Skip to main content

Fired Paraguayan bus drivers crucify themselves in protest

By Rafael Romo, Senior Latin American Affairs Editor
updated 3:16 PM EDT, Sat August 31, 2013
Eight bus drivers crucify themselves after getting fired in the city of Luque, Paraguay.
Eight bus drivers crucify themselves after getting fired in the city of Luque, Paraguay.
STORY HIGHLIGHTS
  • The 8 bus drivers were fired two months ago, nailed themselves to wooden crosses 17 days ago
  • "They're also on hunger strike and some of them are in critical condition," says a city official
  • One of the drivers says the eight are willing to take the protest "to the very end"
  • The bus company says it has tried to find a solution to the labor conflict

(CNN) -- They're lying on top of wooden crosses arranged flat on the ground.

Passers-by who approach them to get a closer look cringe when they see their hands. The protesters have driven nails into the flesh of their palms between their middle and index fingers, nails that then go straight into planks of wood.

The protesters are eight bus drivers who were fired from their jobs two months ago.

They protested in mid-July outside the offices of the Vanguardia bus company, their former employer. But after concluding they weren't getting anywhere by doing that, they "crucified" themselves more than two weeks ago across the street from Vanguardia's headquarters in the Paraguayan city of Luque, located 12 kilometers (about seven and a half miles) northeast of Asunción, the Paraguayan capital.

Damián Espinola, communications director with the Luque municipal government, has been part of a group of local authorities who have tried to mediate between the company and the crucified bus drivers.

"It's hard to believe, but it's true," Espinola said. "All eight bus drivers have been crucified for 17 days. They're also on hunger strike and some of them are in critical condition. They only drink water. They don't consume any solid food. Their hands are perforated."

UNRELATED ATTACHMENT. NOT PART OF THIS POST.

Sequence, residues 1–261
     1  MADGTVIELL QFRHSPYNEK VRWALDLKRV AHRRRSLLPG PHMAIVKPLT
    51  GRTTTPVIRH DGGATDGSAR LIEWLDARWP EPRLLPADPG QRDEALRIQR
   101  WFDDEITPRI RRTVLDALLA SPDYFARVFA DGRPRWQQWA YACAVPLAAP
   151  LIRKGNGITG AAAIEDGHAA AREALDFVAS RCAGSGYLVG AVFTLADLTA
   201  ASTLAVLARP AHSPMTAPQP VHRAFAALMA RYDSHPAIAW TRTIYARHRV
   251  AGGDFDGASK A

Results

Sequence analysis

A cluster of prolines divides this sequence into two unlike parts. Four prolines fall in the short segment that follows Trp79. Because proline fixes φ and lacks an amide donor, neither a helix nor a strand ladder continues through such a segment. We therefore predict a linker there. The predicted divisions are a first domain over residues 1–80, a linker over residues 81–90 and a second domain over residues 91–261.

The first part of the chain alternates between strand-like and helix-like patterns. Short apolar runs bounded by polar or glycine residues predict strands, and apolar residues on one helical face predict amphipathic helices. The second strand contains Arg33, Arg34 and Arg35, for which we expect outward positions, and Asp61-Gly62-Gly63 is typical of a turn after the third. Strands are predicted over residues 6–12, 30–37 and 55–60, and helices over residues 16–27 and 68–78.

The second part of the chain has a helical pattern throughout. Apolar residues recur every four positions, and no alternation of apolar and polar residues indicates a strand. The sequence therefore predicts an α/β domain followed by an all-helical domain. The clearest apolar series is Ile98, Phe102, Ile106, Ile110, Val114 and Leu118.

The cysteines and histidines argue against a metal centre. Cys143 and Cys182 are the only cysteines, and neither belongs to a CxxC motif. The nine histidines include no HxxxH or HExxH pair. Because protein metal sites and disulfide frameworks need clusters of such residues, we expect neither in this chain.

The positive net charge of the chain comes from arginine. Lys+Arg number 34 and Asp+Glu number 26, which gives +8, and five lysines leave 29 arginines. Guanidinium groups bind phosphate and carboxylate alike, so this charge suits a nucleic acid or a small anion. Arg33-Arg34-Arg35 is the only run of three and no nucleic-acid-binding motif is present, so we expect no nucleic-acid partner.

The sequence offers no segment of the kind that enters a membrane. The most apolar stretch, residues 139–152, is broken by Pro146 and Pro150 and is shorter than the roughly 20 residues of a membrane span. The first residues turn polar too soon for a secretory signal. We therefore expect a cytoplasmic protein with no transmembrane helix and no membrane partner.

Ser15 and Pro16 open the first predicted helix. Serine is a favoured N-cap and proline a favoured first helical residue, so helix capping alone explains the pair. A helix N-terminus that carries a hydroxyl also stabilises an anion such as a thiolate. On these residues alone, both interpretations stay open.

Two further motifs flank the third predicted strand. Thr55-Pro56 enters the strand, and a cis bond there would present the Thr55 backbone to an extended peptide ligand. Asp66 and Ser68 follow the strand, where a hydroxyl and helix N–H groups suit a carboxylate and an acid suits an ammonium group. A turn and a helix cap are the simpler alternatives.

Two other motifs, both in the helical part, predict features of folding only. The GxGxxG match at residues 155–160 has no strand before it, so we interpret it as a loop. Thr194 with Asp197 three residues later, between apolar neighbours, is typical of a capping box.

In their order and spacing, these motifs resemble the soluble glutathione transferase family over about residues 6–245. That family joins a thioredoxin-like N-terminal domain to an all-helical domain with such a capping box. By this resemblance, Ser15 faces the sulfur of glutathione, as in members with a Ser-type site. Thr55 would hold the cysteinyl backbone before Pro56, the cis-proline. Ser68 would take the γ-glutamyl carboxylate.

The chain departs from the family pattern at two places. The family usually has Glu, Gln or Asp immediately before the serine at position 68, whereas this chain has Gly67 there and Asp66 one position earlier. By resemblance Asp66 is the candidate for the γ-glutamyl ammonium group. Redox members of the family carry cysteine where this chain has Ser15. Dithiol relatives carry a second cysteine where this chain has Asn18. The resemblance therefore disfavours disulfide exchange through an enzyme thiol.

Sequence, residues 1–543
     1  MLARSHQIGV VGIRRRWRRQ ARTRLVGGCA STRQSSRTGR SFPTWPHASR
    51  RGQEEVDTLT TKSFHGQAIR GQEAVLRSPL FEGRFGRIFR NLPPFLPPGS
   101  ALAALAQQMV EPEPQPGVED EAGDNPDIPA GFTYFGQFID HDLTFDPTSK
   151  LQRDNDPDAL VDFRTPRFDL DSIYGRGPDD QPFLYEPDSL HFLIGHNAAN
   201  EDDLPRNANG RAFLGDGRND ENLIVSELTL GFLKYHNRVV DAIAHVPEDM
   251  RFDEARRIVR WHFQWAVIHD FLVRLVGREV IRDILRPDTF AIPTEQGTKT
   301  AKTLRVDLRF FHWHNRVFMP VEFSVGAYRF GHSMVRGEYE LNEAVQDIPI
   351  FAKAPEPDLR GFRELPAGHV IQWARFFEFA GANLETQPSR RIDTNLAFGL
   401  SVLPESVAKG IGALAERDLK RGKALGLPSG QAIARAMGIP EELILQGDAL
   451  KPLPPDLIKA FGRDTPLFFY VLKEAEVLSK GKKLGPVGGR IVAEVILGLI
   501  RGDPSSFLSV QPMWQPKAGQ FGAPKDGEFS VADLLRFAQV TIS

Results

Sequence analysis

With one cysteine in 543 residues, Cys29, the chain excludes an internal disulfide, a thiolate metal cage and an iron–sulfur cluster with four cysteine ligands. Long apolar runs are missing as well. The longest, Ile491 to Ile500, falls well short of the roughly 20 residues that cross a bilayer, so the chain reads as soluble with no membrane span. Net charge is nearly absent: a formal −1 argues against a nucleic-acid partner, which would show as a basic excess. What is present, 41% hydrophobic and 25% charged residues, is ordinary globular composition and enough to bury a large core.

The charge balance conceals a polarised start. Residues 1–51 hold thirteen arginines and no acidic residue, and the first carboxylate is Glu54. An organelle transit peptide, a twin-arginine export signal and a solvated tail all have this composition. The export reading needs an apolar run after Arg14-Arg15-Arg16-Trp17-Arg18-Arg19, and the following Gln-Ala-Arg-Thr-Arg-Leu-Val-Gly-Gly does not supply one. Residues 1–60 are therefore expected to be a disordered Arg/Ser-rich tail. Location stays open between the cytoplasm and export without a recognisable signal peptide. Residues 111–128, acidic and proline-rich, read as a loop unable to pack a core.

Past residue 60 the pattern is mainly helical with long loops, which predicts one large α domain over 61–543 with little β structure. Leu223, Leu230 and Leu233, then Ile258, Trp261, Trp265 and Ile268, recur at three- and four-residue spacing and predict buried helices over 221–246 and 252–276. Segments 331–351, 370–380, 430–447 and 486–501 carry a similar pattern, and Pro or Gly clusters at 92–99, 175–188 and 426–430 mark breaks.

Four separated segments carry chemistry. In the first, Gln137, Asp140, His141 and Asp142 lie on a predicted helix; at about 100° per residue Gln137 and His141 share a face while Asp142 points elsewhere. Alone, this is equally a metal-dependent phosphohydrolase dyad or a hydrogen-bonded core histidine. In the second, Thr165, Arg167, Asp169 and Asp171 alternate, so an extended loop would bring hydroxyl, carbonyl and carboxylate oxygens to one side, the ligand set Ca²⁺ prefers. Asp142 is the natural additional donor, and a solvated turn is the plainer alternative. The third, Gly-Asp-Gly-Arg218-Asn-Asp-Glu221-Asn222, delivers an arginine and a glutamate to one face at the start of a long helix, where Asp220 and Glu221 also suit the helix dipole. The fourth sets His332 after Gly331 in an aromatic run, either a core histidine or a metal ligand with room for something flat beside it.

Juan Villalba is one of the crucified bus drivers. Villalba is the secretary of the Paraguayan Federation of Transportation Workers. He told Paraguayan media that his group is willing to take the protest "to the very end," regardless of the consequences. His wife, María Concepción Candia, also nailed herself to a wooden cross Wednesday to show support.

But the company says it has done everything in its power to try to find a solution to the labor conflict. Aufredi Paredes, general manager of Vanguardia, told CNN that the company has even offered to rehire five of the bus drivers.

"We have done a little bit of everything to find a solution, including calling on the human rights commissions from the (Paraguayan) Senate and the Lower House. We have also met with the workers several times, but their leadership has been inflexible. We have followed labor regulations and will continue to abide by the law," Paredes said.

The protest by the eight is part of a larger labor action by some drivers for Vanguardia, a bus company with 150 employees that has been offering service in Luque and the capital for 45 years. There are currently a total of 50 bus drivers on strike, but the service has continued uninterrupted, Paredes said.

"The striking workers and some leftists who have gotten involved have attacked us and our vehicles, breaking windshields, tossing fireworks at us as well. We have also received death threats during meetings and afterward," Paredes said.